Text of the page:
Facebook has filed a lawsuit today against two Android app developers for infecting their users with malware that faked clicks on ads. Both the Hong Kong-based JediMobi and the Singapore-based LionMobi were a part of the social media giant's Audience Network. The program lets Facebook's advertisers host their ads on participating mobile apps, whose developers receive a payout if a user clicks through. In the case of JediMobi and LionMobi, Facebook alleges that many of ad clicks generated through their apps weren't from an actual human.
According to a statement from Facebook, the developers created Android apps infected with malware that faked user clicks on the social media platform's ads. The apps in question are pretty basic by design -- they include apps to clear up phone storage, save battery life, scan for viruses and a note pad.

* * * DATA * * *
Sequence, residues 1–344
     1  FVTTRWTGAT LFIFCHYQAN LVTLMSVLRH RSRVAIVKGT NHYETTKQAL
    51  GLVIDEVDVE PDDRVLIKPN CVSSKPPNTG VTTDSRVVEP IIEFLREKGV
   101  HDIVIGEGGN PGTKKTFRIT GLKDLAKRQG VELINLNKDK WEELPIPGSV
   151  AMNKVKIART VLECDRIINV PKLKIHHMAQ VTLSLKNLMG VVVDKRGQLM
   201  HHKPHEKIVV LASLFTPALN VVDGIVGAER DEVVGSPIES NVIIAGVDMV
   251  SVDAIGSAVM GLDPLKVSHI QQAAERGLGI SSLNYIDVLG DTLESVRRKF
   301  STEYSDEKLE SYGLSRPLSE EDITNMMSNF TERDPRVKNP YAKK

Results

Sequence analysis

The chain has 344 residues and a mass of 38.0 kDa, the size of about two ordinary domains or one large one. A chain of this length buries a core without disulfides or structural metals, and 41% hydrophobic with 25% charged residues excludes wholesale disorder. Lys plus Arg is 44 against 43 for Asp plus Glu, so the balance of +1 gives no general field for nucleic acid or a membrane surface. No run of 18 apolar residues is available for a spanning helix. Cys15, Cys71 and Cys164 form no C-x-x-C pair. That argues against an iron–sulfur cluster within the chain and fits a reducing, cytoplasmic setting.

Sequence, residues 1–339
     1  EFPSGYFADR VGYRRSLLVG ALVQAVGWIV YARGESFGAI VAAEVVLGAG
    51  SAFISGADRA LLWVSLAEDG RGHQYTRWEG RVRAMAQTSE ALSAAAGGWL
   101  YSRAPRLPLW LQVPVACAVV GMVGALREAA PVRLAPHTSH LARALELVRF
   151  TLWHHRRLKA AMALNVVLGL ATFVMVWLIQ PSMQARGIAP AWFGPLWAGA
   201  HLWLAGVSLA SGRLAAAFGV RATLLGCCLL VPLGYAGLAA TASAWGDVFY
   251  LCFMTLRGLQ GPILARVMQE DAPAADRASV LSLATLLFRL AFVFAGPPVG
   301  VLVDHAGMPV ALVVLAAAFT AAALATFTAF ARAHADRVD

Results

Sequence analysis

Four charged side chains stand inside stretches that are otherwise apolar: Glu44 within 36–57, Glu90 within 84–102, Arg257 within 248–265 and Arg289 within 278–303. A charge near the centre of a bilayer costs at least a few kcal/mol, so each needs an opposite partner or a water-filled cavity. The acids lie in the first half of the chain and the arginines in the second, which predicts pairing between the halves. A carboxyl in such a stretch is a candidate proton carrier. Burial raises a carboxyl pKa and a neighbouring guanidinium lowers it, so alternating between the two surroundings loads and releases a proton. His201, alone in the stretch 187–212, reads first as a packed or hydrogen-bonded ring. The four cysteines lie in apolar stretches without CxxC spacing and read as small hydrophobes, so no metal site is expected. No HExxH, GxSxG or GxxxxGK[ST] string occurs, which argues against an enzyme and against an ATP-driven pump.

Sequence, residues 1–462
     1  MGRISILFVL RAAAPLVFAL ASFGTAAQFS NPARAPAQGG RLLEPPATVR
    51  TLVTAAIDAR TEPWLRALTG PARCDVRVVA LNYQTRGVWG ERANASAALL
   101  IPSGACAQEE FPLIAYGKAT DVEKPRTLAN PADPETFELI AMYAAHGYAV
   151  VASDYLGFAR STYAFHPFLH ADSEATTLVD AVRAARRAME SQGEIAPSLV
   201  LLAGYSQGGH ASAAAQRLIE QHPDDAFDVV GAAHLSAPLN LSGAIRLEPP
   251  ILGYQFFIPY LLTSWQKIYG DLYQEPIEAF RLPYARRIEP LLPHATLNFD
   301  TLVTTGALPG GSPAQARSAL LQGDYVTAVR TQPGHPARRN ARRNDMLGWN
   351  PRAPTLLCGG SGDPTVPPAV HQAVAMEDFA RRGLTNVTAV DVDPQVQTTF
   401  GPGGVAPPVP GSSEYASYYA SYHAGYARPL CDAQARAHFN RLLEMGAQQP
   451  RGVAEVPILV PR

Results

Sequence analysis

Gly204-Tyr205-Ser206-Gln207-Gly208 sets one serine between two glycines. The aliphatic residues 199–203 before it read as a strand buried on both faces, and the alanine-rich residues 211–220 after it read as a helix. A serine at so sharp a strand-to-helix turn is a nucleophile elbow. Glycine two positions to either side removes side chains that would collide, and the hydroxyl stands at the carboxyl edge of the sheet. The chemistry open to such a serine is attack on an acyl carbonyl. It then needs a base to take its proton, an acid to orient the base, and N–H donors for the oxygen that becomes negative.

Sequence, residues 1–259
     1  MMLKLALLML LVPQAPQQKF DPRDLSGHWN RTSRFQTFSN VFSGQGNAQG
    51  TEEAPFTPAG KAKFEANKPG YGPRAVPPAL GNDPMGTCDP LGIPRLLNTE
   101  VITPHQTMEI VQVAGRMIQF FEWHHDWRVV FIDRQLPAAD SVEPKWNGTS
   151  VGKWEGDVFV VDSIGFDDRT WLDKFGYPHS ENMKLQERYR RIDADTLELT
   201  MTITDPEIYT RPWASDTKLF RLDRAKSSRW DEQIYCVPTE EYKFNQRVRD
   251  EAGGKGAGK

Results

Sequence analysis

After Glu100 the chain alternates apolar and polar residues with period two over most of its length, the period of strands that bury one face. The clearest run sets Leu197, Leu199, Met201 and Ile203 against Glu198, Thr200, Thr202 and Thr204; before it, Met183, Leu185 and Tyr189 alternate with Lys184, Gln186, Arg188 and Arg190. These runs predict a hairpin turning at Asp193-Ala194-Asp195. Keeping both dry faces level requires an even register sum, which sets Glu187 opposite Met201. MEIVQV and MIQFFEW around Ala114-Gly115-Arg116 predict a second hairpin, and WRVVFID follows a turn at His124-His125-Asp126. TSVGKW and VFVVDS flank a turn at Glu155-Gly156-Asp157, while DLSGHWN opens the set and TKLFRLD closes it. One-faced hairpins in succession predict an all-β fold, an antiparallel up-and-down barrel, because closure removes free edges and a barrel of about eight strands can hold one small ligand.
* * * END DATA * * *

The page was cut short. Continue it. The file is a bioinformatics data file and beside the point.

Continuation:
Some of the users may have caught wind that something was suspect before Facebook did, according to reviews from the Google Play Store. One reviewer for JediMobi's notepad app simply wrote, "Malware. Will show you ads page on your desktop even leaving the app." Another user mentioned that a negative review they wrote of the app was deleted. Others complained that the app had unauthorized access to their phone's lock screen or contacts.
Ironically, many reviewers of LionMobi's phone cleaning app complained that the app was actually slowing down their phone. "Worst app. It always slows down my phone and shows adult ads," wrote one user.
Facebook already banned JediMobi and LionMobi from the Audience Network, and refunded the impacted advertisers. But pursuing legal action against the developers likely indicates that Facebook wants to make an example out of this particular adware campaign. The social media giant called the lawsuit "the first of its kind against this practice." Adware laced-apps are common on both iOS and Android platforms -- and neither Apple nor Google have found out how to stop the fraud. Security researchers earlier this year found over 200 Google Play apps infected with malware and downloaded over 150 million times.